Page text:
Last night, my wife and I enjoyed leftovers with our children. After Thanksgiving, such gifts abound, so we enjoyed soup made from Thanksgiving's leftover Turducken. Some salad also lingered, so we enjoyed that as well. The boys ate some sausage sauteed with onions and peppers, also leftover from last week.
Leftovers have issues, of course. They're not fresh and new. It's not fresh cooked, swirls of steam eddying up from the pot in which they simmer for the first time. Usually the leftovers have been warmed in the oven or the microwave. Little bits stick to the sides of the pan, like barnacles unwilling to let go. Leftovers usually end up as a heap, a mash of sorts on the plate, the original presentation all but lost. Sometimes, perhaps oftentimes, leftovers don't seem all that appealing.
Yet leftovers are familiar. You've eaten this meal not a few days before. It was great then, if it's not the best food you've ever eaten now. It was made with love, but reheated by familiarity, by need, by constancy. Thus, the benefits of leftovers. They are familiar. But leftovers also tend to be more flavorful. The spices have permeated the food, leaving traces and hints of flavor here and there as you eat. Oftentimes the leftovers lose some toughness (not that any of my wife's food is tough), and they fall apart even better in your mouth. Leftovers have much to commend them.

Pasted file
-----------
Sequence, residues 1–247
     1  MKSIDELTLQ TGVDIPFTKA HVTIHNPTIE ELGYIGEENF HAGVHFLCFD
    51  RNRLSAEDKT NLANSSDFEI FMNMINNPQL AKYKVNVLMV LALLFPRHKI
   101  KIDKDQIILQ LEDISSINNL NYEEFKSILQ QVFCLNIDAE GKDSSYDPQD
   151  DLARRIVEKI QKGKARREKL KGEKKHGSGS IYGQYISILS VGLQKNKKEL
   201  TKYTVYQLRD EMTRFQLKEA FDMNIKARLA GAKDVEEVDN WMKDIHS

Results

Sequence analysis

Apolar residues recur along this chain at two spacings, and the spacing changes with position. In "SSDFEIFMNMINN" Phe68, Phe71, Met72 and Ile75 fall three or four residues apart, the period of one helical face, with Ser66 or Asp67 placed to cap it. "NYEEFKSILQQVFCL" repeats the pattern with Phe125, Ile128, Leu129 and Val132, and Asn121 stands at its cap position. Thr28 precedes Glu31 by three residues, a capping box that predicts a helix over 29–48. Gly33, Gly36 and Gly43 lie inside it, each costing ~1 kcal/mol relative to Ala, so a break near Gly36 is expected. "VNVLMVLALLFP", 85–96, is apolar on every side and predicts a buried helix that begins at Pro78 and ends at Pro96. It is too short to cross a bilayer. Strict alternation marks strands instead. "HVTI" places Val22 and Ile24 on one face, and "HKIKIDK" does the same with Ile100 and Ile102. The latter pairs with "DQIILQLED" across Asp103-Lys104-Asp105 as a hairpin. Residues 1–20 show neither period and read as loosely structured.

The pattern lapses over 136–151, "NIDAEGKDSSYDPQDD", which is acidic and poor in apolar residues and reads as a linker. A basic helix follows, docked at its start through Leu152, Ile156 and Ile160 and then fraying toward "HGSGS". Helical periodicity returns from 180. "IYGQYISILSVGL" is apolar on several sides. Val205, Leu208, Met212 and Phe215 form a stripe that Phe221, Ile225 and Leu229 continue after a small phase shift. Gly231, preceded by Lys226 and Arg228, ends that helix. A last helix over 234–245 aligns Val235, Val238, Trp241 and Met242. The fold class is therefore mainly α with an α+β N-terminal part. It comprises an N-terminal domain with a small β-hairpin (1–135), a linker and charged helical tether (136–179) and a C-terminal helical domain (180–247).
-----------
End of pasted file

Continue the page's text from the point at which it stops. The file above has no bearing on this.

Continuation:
Yesterday was also our wedding anniversary of seven years. For some reason, the leftovers seemed fitting. I felt guilty for not arranging something more fitting, for not taking her out on some exquisite date and movie, or whatever it might have been. "Here we sit eating leftovers," I thought to myself. And then I realized how blessed I was, to be eating leftovers, with my children and my beautiful wife of seven years.
There are times when exquisite meals are needed. Anniversaries often do need the special flare, the special mark to set them off as something particularly important, opportunities to express our relationship in ways we may not be able to other times of the year. But sometimes, anniversaries just need leftovers. Sometimes, we need to be reminded that marriage, while cemented together by the gift and command of God, lives in the leftovers, the spices permeating the food of life. Marriage can't always be five-star meals. Marriage can't always be going here and there and doing this and that to "keep the spark alive." Sometimes, we need the constancy and familiarity, the same meal again, to remind us of the stuff of marriage.
This doesn't always seem appealing, especially when the realization first hits. It's like seeing the unappetizing leftovers when you first approach the table. Sadly, many take the opportunity to leave the table and not come back. They never experience the delight of familiarity, the trust of constancy, the knowledge of steadfastness, in the face of something that only appears unappetizing. They never sit down and taste the flavor of the stuff of marriage, the leftovers. They never have the opportunity to appreciate flavors arising from having spent some time in the fridge, from the reheating in the oven a second time. It may not look like much, but the taste is flavorful and familiar. And there's much to be said for that.
So for me and mine, we'll continue to enjoy our leftovers.
Happy Anniversary my Beautiful, and thank you for the leftovers.